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| 2 minutes read

What lessons can the CQC learn from Ofsted’s changes to inspections?

To ensure they perform fairly and effectively, regulators must consider what lessons and good practices can be learned from other areas of regulation. 

We recently wrote about the proposed changes to Ofsted’s post-inspection arrangements, including how complaints will now be handled (see here). While many commentators have suggested that more is still required to improve Ofsted’s regulatory performance, the proposals appear to be focused on improving communication and increasing the independence and consistency of the inspection process.

This is an approach that many providers regulated by the CQC would also welcome but where Ofsted appears to be introducing positive changes, the CQC’s new approach seems to be moving further away from addressing the core issues with the way they regulate:

  1. By setting out clear check-in points to address any issues quickly at an early stage of the inspection process, Ofsted appears to be acknowledging the importance of inspectors and providers having open conversations. Conversely, under the CQC’s new single assessment framework, there will be a shift towards remote assessments and less emphasis on in-person inspections, reducing the opportunity to see and interact with the inspection team and address issues early on. 
  2. With the aim of maintaining independence and consistency, Ofsted will replace the internal review step in the post-inspection complaints process, with an independent review conducted instead by the Independent Complaints Adjudication Service for Ofsted (ICASO). Mature regulators can accept constructive criticism, recognising that it inevitably assists them in improving their own performance. A similar independent review process for the CQC seems essential to address the widespread (and self-acknowledged) concerns about inconsistency. Importantly a fair and robust process of challenge and appeal can help regulators achieve a more consistent approach.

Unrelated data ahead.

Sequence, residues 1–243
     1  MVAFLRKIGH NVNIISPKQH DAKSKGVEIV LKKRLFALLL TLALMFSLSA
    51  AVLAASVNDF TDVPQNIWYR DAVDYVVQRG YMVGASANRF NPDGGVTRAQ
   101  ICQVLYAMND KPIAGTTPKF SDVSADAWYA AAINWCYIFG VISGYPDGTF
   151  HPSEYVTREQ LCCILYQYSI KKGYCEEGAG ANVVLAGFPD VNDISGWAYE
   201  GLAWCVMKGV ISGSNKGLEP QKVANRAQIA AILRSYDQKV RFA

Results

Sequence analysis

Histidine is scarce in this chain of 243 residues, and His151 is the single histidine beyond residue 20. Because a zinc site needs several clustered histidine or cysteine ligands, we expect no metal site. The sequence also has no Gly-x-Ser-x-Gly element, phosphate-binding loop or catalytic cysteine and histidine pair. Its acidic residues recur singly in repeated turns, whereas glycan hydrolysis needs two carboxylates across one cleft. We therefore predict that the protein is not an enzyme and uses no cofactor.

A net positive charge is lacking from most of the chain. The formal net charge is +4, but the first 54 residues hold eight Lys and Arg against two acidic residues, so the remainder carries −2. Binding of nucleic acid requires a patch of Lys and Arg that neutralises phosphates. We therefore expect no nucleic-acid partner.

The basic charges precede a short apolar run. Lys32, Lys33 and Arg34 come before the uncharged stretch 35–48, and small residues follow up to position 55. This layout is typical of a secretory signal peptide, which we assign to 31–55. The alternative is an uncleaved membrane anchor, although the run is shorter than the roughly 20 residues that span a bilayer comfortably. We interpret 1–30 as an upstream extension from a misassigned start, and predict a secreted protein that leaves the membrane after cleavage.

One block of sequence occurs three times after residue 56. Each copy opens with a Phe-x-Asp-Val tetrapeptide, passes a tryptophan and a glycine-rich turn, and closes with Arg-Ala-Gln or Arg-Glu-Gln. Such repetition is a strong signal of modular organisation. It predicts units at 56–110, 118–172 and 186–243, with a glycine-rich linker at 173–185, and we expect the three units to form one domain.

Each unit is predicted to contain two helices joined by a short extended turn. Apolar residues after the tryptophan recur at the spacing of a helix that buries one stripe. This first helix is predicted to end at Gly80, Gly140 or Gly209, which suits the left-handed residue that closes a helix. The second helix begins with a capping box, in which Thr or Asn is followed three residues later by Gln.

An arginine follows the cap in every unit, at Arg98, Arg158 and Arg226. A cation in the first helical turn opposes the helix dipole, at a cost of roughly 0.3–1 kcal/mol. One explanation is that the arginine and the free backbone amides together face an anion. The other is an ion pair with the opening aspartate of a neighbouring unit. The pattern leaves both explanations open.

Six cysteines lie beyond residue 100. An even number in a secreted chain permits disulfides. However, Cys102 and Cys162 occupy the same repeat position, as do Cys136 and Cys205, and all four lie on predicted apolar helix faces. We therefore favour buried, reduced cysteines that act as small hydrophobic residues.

3. Ofsted has also committed to having staff who are independent of the inspection to address providers’ initial concerns and complaints.  Many of the consultation responses likened the previous post-inspection approach to Ofsted ‘marking their own homework’ and it is hoped that the new approach will help to ensure that complaints and challenges are more fairly considered. Similar concerns arise in relation to the CQC’s rating review process, which in practice rarely produces different results to factual accuracy submissions outcomes and reinforces the need for a truly independent process for review.
  4. Ofsted is clearly also trying to move away from the use of rating limiters. They have said that where a school that would otherwise be good or outstanding, but is graded inadequate because of ineffective safeguarding arrangements, inspectors will return within three months to carry out a monitoring inspection. If the school has dealt with those issues, they will have a new inspection report and the good or outstanding rating will be reapplied.

In contrast, the CQC has taken a very different approach. A score of one in any single quality statement will act as a rating limiter, with the provider receiving a rating of no more than requires improvement, with no certainty when that rating would be reviewed again. This is of particular concern when considering some of the quality statements with evidence categories that are more likely to be heavily weighted against providers, such as the statement relating to employee wellbeing. In the context of a high number of vacancies within an underfunded sector, the blunt approach being taken risks penalising providers further, for a number of years, for the failings of national and local funding decisions.

As Ofsted strives to maintain better fairness, consistency, and accuracy, as is essential for a regulator, it is important that other regulators such as the CQC are driven by the same values and consider what they can learn from their counterparts in other sectors.  

For further advice please contact a member of the regulatory team.


ofsted inspection, ofsted, health and social care, education, cqc